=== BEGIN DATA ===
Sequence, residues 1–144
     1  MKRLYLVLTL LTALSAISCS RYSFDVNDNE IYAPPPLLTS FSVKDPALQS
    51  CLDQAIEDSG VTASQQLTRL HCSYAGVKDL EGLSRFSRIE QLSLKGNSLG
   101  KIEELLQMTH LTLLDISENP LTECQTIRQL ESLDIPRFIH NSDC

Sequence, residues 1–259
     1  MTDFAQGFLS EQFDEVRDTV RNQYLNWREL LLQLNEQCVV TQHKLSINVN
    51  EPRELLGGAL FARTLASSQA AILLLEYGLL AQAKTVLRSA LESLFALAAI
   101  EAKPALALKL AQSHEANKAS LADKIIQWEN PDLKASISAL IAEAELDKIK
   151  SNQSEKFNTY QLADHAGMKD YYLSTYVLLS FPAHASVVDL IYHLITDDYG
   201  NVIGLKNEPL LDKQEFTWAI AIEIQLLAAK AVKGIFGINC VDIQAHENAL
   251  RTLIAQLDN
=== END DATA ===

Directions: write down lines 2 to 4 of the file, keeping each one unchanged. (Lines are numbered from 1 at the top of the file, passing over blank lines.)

     1  MKRLYLVLTL LTALSAISCS RYSFDVNDNE IYAPPPLLTS FSVKDPALQS
    51  CLDQAIEDSG VTASQQLTRL HCSYAGVKDL EGLSRFSRIE QLSLKGNSLG
   101  KIEELLQMTH LTLLDISENP LTECQTIRQL ESLDIPRFIH NSDC